The normal caveat applies twice for this one: This is advice about writing about fighting based on the experiences and training I’ve had, not the be all and end all of self defense advice. If you want to learn self defense/how to fight (which are two different but related fields of study), find a good instructor to learn from in person. While the stuff I’m about to talk about has worked for me, it might be the wrong call for you if it came down to a real life problem. This is also a huge topic, and learning these things has taken me a long time and some painful lessons, so think of these tips as pointing you towards doing more research if you think they’re right for your character.
I’ve talked quite a bit about different fighting techniques and how your characters might apply them, but a friend of mine pointed out that I’d never talked about what it’s like to lose a fight, or what to do when you’re up against someone who is bigger, faster, stronger and better than you are.
In short, it’s horrible to lose a fight and if you’re up against someone who is that much better than you, all you can do is try to survive.
I’ll cover how it feels to lose, and how hard it can be to recover from a bad beating in another article. For now I’d like to look at how your characters could handle facing down against someone who has them outclassed on every level.
- Leg it.
Always an option to consider in any real fight. Running the fuck away from danger is an amazing plan if it’s something you are physically capable of doing, the situation allows it and you’re not running into something worse. In a pitched hand to hand fight against one or more opponents you might not be able to actually beat the person you’re fighting, but if you can even momentarily knock them back (or preferably, down) you can make enough of a gap to run through.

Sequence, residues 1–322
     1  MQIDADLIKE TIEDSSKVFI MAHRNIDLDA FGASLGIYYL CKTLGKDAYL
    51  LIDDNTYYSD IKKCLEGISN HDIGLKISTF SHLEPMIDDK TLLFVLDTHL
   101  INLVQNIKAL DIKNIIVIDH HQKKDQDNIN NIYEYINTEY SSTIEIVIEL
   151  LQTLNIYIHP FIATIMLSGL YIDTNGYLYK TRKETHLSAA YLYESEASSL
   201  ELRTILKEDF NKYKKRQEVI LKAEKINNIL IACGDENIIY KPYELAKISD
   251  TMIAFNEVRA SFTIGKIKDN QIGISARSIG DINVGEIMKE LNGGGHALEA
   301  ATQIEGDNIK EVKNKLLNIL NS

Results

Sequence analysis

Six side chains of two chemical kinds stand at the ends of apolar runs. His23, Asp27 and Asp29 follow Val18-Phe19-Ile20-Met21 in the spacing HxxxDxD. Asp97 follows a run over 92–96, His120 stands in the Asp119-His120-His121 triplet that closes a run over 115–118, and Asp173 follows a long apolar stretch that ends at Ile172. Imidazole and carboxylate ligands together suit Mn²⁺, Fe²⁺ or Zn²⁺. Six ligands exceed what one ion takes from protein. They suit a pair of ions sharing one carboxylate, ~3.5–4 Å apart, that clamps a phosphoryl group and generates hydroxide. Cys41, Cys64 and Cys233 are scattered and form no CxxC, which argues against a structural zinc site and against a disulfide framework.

2. Turtles and cats
Perhaps things have gone too far for simply running away. Say you’ve been knocked down and are about to be on the receiving end of a serious kicking. There are pretty much two options other than simply wishing for it to be over (although you can do that too). The first is the turtle position. Basically it means curling up in a ball on your knees, tucking your head in with your hands up to protect your head and neck. You can still get badly hurt from here, but the position does protect your head, neck and groin and it makes breaking arms and legs a tough ask for anyone who isn’t an half decent grappler. It’s also pretty much the only semi-safe position to endure a gang kicking if fighting back has become impossible.
It does have some downsides. It’s useless against a weapon attack. An unarmed kicking will hurt but unless your attacker knows to target the kidneys or spine, you’re probably not going to die while you’re curled up. But if there’s a knife involved the turtle leaves you open to getting stabbed in the kidneys, lungs and heart. I have it on good authority that that’s not a good time. It’s also a surprisingly hard position to get up from unless you’ve been trained how to, at least not without eating even more blows.